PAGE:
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Tea

The ritual surrounding tea is very old, and has undergone many changes over the centuries.
Nowadays, tea-making in Britain is radically different from what it used to be. Ninety percent of
the tea we drink is now sold in _______________ teabags, and the average infusion time is
estimated to be less than 50 seconds a sharp contrast to the traditions of 50 years ago, when looseleaf tea was sold by _______________ and required a five-minute infusion in a teapot. For years
visitors from _______________ have associated the English with tea-drinking, but modern tourists
are often disappointed to find that the tradition has changed _______________. Bone china
_______________ are rarely used nowadays in Britain to make tea, but are still found on sale for
tourists to buy at exorbitant prices. Tea bags are commonly used instead of loose-leaf tea, and the
tea is more often than not made directly in mugs, rather than in a pot. Tea is drunk all day long,
even in offices, and not just in the afternoon.
In earlier centuries, British tea came from China. In the 1850s, tea-planting began in northern India,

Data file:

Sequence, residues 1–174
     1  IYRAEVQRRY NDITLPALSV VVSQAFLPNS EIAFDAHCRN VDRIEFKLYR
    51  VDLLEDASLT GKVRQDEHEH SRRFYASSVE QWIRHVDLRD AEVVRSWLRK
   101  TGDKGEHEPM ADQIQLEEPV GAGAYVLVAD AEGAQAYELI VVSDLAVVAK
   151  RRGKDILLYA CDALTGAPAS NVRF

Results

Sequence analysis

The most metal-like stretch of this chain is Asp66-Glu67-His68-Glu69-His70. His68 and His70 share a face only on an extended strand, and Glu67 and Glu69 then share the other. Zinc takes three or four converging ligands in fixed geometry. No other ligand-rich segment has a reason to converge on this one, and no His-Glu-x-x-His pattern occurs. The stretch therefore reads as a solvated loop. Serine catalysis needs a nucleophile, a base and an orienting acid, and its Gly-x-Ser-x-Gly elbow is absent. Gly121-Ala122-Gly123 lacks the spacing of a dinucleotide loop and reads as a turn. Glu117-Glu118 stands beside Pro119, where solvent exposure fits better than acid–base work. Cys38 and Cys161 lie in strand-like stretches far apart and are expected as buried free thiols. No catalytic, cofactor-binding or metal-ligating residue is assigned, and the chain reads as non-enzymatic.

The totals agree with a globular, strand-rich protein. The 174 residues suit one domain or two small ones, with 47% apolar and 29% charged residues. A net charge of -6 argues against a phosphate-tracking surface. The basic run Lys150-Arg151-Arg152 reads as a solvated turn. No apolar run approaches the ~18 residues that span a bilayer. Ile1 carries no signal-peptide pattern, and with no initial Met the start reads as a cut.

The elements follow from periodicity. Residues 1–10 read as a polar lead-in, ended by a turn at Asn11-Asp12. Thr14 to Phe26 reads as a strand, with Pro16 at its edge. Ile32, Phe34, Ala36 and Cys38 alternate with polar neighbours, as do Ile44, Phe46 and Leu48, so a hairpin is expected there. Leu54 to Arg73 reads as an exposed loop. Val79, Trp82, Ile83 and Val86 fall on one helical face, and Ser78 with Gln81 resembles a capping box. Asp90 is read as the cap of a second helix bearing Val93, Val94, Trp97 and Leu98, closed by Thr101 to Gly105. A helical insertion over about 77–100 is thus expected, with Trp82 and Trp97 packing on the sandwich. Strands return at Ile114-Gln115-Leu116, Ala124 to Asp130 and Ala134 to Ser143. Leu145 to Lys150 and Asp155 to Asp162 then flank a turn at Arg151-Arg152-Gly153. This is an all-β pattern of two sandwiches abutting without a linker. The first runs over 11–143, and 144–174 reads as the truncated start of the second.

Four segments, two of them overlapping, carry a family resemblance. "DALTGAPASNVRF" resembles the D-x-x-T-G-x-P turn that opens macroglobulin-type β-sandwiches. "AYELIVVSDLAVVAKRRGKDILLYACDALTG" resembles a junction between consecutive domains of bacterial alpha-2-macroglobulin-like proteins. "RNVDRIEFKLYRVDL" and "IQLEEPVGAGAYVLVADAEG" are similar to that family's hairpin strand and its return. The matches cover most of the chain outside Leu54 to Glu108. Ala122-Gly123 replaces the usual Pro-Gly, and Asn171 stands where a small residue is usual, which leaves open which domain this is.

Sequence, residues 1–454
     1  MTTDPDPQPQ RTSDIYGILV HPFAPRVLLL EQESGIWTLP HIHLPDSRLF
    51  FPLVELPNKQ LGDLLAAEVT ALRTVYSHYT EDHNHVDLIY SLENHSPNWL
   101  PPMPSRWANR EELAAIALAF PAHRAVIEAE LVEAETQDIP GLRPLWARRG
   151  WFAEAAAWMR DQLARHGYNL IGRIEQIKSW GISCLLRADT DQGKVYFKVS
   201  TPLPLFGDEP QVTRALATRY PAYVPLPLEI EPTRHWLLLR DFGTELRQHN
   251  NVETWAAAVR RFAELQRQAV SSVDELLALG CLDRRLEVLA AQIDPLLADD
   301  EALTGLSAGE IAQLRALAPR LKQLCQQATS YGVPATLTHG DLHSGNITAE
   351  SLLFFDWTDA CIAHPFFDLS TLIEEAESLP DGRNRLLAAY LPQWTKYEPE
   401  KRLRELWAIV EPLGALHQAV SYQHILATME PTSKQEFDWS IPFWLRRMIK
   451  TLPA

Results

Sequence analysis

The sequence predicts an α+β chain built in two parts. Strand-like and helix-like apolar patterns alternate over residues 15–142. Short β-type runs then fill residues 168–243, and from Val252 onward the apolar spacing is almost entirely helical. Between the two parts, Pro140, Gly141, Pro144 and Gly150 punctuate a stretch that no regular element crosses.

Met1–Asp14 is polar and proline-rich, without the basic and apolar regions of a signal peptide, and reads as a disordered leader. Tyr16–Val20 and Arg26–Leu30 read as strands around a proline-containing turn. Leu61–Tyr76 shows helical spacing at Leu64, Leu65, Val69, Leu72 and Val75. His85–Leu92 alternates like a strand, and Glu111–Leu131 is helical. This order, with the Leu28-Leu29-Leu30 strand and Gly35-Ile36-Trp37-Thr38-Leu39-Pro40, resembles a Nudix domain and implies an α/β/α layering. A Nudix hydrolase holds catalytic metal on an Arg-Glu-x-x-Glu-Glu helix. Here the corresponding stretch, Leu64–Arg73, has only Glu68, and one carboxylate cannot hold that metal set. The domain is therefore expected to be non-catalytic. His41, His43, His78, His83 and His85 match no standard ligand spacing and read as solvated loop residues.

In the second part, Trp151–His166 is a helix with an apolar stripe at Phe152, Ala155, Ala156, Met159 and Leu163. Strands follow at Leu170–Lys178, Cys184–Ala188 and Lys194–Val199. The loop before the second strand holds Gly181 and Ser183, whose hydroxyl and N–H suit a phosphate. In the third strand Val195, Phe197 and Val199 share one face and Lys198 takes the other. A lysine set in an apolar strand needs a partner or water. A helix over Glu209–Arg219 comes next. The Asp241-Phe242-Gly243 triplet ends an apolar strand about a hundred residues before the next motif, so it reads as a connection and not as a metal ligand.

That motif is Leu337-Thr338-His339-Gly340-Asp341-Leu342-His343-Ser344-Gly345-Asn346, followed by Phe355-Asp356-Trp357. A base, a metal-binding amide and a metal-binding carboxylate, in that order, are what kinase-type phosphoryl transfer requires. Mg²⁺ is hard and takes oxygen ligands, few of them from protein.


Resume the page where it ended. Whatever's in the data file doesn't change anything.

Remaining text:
followed by Ceylon (todays Srilanka), where some of the major British companies,
_______________ as Lipton, first started exporting the dry, rolled leaves to Britain from the large
tea-growing estates. Once in Britain, the tea leaves were used for making delicate infusions. They
were spooned into teapots, boiling water was _______________ and the infusion was left to brew
for a few minutes. This became the _______________ of the English afternoon tea i.e. the midafternoon snack with which tea was drunk.
_______________ the twentieth century, however, most other European countries had adopted the
habit of drinking coffee. In the UK, the proportion of coffee _______________ in comparison to
tea was only 1%. Coffee producers decided to try attracting the British public by presenting coffee
as a soluble powder, described as instant. Tea producers responded by putting the leaves through a
crushing ________________, the effect of which was to produce tea that was almost the same
shape and size as sugar. It was then described _______________ quick-brew tea.
For some _______________, carefully measured quantities of quick-brew tea (traditionally, one
teaspoonful for each person plus an extra one for the pot) continued to be brewed in teapots, but the
crushed leaves offered the practical _______________ that they could be packed in small quantities
into individual bags which were easier to use and could be thrown away in the rubbish bin and
_______________ did not risk blocking sinks as loose-leaf tea often did! So today 90% of the UK
population uses teabags.

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like, machine, sold, such, teapots, therefore, weight